Large employers cite specialty drugs, high-cost patients among biggest cost drivers
By Susan Morse
From Healthcare Finance on Tuesday, August 9, 2016
According to an annual survey released Tuesday by the National Business Group on Health, 80 percent of 133 large employers placed specialty pharmacy as one of the top three highest cost drivers, followed by high cost claimants, at 73 percent, and specific diseases and conditions at 61 percent.
Overall large employers said they expect increases to health benefits to remain steady at 6 percent in 2017. This is identical to the increase they would have experienced in each of the past two years had they not made changes to their plan design, the National Business Group on Health said.
"While employers have been able to keep increases in check for the past few years, costs are still running at more than twice the rate of inflation and general wage increases, thereby threatening affordability," said Brian Marcotte, president and CEO of the National Business Group on Health.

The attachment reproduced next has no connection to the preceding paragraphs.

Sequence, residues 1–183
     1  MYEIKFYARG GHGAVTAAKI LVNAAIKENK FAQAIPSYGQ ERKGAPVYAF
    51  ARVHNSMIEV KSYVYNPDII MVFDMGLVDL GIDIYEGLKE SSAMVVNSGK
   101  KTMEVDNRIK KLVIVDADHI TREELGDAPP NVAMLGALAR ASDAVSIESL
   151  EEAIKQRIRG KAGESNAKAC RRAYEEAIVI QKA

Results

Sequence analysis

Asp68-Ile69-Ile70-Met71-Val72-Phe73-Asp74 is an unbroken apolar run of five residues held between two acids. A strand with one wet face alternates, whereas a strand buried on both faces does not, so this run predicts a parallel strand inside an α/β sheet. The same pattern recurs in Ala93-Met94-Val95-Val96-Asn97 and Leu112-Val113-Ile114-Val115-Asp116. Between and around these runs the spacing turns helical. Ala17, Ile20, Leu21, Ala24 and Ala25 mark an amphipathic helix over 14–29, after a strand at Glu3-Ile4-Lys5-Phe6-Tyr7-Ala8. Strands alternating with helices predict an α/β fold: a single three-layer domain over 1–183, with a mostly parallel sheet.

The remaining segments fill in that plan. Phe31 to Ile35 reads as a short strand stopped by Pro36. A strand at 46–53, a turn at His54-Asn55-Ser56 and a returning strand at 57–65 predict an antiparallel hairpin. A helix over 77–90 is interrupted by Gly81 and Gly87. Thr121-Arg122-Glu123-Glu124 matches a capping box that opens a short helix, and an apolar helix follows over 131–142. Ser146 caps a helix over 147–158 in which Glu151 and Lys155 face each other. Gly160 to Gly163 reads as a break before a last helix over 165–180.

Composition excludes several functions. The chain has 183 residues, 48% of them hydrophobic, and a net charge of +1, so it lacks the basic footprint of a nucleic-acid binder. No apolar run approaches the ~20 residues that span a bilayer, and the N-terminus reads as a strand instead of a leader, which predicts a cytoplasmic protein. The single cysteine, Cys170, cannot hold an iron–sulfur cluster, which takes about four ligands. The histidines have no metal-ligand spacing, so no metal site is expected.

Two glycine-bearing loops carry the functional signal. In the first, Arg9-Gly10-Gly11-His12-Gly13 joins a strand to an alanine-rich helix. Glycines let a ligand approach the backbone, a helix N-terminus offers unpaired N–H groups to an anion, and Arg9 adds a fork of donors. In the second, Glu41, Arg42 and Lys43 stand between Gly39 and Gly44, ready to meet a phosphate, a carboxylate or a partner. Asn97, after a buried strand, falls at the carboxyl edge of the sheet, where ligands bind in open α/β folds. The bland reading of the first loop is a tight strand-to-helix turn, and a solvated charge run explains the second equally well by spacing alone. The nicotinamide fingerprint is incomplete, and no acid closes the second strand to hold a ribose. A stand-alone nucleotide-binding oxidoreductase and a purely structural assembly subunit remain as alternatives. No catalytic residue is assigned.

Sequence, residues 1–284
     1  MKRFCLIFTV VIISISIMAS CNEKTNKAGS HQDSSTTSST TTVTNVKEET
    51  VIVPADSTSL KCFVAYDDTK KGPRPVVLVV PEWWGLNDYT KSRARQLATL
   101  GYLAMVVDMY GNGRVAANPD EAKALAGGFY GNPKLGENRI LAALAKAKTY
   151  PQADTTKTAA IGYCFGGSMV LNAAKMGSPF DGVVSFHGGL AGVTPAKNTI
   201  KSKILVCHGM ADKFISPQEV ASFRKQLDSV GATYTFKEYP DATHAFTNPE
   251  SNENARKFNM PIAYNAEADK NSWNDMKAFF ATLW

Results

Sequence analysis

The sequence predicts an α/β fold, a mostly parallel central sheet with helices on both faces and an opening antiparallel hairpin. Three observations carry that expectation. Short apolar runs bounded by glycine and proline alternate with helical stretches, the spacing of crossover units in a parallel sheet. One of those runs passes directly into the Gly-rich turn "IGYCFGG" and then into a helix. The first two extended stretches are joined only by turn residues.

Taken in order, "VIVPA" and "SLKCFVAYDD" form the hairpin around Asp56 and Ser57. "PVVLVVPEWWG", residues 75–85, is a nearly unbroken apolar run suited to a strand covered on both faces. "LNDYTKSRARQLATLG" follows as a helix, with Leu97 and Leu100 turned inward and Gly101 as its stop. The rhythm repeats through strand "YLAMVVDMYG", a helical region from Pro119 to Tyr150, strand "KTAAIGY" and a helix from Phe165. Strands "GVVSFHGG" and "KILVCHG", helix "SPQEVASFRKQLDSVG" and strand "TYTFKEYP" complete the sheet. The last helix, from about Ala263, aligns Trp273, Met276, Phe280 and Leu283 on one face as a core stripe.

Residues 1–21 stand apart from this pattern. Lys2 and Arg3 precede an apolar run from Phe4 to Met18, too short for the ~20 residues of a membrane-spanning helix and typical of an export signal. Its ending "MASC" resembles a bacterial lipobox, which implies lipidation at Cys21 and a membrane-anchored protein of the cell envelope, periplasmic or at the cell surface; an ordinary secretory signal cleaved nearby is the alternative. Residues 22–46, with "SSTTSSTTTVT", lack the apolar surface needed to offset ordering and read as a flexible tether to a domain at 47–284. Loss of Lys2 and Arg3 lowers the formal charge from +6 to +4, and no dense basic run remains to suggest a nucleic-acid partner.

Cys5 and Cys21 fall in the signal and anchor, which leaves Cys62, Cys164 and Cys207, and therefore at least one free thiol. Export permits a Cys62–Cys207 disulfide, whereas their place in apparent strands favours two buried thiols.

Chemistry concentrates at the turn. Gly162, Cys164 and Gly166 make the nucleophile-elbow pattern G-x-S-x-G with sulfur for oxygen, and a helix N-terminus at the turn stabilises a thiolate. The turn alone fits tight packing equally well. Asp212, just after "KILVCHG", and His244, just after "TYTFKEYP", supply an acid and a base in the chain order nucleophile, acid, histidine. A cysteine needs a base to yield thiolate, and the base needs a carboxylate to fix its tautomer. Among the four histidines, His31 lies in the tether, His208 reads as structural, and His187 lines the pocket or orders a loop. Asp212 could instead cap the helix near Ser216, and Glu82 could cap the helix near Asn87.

Many employers expect to hold increases to 5 percent by making some changes to their plans, he said.
However, for 2017, employer focus is shifting away from plan design to optimizing how healthcare is accessed and delivered, according to Marcotte.
"Interestingly, current estimates have health insurance premiums for the average public exchange plan increasing by at least 10 percent, about twice what large employers are projecting for next year," Marcotte said. "This is a clear indication that the employer-based health care model continues to be the most effective way to provide health insurance coverage to employees and their families."
The Large Employers' 2017 Health Plan Design Survey is the industry's first look at health benefit costs and plan design changes for 2017. It is based on the responses of 133 large employers, according to the nonprofit association representing 425 members.
The survey found more employers are focused on expanded telehealth services, Centers of Excellence options and optional selective network choices, Marcotte said.
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